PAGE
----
Yesterday Di, Kylee and I had the privilege of visiting Stonefields School for a couple of hours. Stonefields have a great reputation for making learning visible and as I blogged about a couple of weeks ago, our team have a focus on developing the usage of our common learning language at HPSS. This post will cover the major takeaways for me from this visit – Sharing progression, seamless use of learning process and learner qualities, vision/leadership, familiar tensions and a collaborative future. Hopefully it will also encapsulate how inspiring Sarah Martin and her team are.
Students have Learning Progression documents for Mathematics, Reading, Writing and the Stonefields Learner Qualities. These documents break the curriculum own into student-friendly language and demonstrate what all students need to understand as they progress through the school. One awesome student sharing his progressions with us described them as a learning bucket list. Continue reading →
This last week at Hobsonville Point Secondary School has felt to me like we are shooting out the end of that image on the right. Suddenly all kinds of things are aligning and we are shooting forward in our latest iteration.
Our Specialised Learning Leader team has a focus on visible thinking and learning. For us that means seeing explicit use of the learning design language in what teachers are using and saying day to day in class. To help this along, a couple of us (Kylee and I) have it as our focus for our 30 Day Sprint. This awesome on 2 levels for me. 1) I see the use of this language as incredibly empowering for our learners. 2) Utilising 30 day sprints alongside 90 day team goals is giving our team a renewed focus this year and has helped us get into that Start-Up frame of mind that served us so well when creating the original structures for our school in 2013.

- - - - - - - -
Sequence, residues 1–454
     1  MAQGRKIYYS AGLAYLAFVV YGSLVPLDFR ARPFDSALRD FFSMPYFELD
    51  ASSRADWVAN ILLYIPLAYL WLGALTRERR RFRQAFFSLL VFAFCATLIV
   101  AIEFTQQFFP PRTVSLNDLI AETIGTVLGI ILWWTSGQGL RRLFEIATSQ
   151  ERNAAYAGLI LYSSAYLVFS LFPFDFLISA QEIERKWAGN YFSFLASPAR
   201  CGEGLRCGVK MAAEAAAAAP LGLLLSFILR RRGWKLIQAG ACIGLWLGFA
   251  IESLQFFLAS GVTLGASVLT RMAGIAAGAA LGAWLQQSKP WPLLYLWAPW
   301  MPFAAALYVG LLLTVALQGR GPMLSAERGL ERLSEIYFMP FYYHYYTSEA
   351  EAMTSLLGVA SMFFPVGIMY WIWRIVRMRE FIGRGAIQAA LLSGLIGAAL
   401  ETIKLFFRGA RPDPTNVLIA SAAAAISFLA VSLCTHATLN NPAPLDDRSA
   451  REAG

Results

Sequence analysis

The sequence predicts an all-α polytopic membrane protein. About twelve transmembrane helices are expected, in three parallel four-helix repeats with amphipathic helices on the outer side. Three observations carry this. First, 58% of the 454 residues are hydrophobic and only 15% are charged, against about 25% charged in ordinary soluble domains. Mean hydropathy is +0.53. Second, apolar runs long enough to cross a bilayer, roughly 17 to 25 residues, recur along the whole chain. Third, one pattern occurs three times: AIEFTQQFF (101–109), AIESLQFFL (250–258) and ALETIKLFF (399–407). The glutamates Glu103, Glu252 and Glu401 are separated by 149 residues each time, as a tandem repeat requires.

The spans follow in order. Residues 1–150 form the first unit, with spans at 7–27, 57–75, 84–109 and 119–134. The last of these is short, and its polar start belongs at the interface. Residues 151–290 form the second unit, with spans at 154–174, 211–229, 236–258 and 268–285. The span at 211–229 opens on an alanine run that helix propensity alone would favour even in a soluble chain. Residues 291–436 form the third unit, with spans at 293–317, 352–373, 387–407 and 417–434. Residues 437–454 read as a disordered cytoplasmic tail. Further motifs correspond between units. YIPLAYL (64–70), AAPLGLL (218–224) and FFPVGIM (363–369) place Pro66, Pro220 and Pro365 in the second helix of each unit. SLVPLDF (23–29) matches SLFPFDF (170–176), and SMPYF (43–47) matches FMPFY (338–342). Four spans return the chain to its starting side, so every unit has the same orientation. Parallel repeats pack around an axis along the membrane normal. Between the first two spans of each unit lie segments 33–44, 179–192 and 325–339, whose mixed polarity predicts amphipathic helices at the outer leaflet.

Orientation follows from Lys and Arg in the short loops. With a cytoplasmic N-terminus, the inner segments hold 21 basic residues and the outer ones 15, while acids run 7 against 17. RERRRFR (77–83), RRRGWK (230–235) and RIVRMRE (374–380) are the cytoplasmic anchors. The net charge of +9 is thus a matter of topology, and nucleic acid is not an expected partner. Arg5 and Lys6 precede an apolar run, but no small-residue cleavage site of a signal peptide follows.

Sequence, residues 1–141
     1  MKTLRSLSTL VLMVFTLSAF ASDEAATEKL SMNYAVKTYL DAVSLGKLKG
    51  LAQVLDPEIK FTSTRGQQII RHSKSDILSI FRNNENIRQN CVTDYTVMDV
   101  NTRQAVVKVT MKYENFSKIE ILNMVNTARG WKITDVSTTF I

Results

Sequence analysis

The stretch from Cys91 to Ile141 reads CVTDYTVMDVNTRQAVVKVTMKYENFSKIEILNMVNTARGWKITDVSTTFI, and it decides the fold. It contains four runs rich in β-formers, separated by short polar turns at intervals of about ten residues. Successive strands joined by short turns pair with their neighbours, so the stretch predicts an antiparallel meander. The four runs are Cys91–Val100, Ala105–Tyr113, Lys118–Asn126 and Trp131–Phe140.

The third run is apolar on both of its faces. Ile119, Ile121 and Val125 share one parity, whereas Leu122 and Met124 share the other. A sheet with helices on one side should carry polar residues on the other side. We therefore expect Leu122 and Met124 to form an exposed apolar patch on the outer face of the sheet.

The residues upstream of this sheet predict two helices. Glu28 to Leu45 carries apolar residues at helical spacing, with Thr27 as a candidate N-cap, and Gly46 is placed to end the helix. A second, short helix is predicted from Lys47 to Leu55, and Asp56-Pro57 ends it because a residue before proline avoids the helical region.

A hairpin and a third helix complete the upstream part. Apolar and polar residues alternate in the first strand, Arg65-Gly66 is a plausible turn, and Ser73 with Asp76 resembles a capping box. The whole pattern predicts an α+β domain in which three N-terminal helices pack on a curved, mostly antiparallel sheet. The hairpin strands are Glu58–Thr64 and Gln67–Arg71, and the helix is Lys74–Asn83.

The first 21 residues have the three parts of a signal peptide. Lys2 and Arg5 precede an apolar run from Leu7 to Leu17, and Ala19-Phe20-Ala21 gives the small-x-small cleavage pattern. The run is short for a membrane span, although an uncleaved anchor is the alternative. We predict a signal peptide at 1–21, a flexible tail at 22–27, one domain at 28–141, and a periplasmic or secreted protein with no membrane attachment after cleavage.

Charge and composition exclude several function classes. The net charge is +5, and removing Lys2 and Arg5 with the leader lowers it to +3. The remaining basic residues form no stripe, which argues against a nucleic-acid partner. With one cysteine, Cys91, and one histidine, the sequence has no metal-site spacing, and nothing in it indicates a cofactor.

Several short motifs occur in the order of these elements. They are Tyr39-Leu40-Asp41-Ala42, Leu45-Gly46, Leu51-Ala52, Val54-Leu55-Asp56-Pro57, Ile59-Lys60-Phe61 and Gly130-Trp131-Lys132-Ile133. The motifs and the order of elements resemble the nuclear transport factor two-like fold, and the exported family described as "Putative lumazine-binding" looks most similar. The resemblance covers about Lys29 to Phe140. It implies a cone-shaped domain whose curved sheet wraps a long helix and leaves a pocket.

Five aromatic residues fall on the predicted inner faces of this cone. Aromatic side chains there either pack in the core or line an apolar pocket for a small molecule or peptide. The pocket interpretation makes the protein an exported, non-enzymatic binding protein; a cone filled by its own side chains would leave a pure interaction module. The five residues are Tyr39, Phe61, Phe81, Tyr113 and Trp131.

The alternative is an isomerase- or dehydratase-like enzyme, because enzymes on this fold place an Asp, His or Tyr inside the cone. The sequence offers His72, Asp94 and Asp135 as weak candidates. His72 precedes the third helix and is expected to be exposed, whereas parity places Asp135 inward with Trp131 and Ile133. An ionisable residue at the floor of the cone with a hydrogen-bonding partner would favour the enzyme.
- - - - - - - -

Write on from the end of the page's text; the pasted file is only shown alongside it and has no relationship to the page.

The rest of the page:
Friday morning’s PD session saw a focus on 2 things: Setting our goals for the year and planning our Teaching as Inquiry. Our 3 personal professional goals had to align with the school principles: Continue reading →
“That was great. I have never thought that deeply about my goals before.”
Hearing this from a normally quite cynical Year 10 boy was a great end to a session I ran yesterday. Our Taheretikitiki community is focusing on the Hobsonville Habit of Purposeful this week and it was my turn to run the community activity. Being early in the year, many of the Hubs have been developing goals for the year so the focus of the session was to develop strategies that would help them reach their goals.
Whiteboard notes that will make sense if you keep reading!
The image above is the whiteboard notes from our Goal session and show the steps that we went through. The steps above the green line happened as a whole community (~79 students) and the last 3 steps were back in their hubs (groups of 11-12). Continue reading →
It’s hard but that’s okay because you keep trying and then it becomes easier and then it becomes fun. That’s how you learn.
This cool little quote is from my 5 year old daughter after ballet practice yesterday. Apart from the glaringly obvious growth mindset that she has at the moment, it made me start thinking about how my students would describe how they learn.
It’s that time of term where students have been really using their knowledge to develop deeper understandings. For the modules I teach, the last 2 weeks have been full on action time generating possible actions/solutions/products, refining them down and taking action.